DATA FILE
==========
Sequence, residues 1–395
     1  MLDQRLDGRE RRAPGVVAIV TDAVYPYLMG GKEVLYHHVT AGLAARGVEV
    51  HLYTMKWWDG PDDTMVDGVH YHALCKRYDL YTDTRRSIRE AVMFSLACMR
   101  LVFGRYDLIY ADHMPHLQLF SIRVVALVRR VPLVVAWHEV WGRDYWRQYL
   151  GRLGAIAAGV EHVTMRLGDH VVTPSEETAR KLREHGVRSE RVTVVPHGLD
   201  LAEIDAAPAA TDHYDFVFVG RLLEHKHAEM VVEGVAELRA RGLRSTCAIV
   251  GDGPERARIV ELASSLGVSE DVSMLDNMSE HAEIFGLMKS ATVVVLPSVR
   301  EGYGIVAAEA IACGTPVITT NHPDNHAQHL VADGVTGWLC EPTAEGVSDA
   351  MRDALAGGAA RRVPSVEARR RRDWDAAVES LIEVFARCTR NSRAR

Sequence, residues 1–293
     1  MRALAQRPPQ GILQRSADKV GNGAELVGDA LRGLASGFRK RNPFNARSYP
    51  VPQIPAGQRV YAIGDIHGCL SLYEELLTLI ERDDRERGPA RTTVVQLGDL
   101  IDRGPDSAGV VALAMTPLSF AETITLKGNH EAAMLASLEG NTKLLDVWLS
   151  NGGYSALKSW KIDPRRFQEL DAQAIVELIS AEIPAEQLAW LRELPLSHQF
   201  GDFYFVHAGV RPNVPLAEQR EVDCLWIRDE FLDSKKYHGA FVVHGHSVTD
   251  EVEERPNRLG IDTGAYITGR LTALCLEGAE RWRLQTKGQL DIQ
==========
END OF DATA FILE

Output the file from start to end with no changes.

Sequence, residues 1–395
     1  MLDQRLDGRE RRAPGVVAIV TDAVYPYLMG GKEVLYHHVT AGLAARGVEV
    51  HLYTMKWWDG PDDTMVDGVH YHALCKRYDL YTDTRRSIRE AVMFSLACMR
   101  LVFGRYDLIY ADHMPHLQLF SIRVVALVRR VPLVVAWHEV WGRDYWRQYL
   151  GRLGAIAAGV EHVTMRLGDH VVTPSEETAR KLREHGVRSE RVTVVPHGLD
   201  LAEIDAAPAA TDHYDFVFVG RLLEHKHAEM VVEGVAELRA RGLRSTCAIV
   251  GDGPERARIV ELASSLGVSE DVSMLDNMSE HAEIFGLMKS ATVVVLPSVR
   301  EGYGIVAAEA IACGTPVITT NHPDNHAQHL VADGVTGWLC EPTAEGVSDA
   351  MRDALAGGAA RRVPSVEARR RRDWDAAVES LIEVFARCTR NSRAR

Sequence, residues 1–293
     1  MRALAQRPPQ GILQRSADKV GNGAELVGDA LRGLASGFRK RNPFNARSYP
    51  VPQIPAGQRV YAIGDIHGCL SLYEELLTLI ERDDRERGPA RTTVVQLGDL
   101  IDRGPDSAGV VALAMTPLSF AETITLKGNH EAAMLASLEG NTKLLDVWLS
   151  NGGYSALKSW KIDPRRFQEL DAQAIVELIS AEIPAEQLAW LRELPLSHQF
   201  GDFYFVHAGV RPNVPLAEQR EVDCLWIRDE FLDSKKYHGA FVVHGHSVTD
   251  EVEERPNRLG IDTGAYITGR LTALCLEGAE RWRLQTKGQL DIQ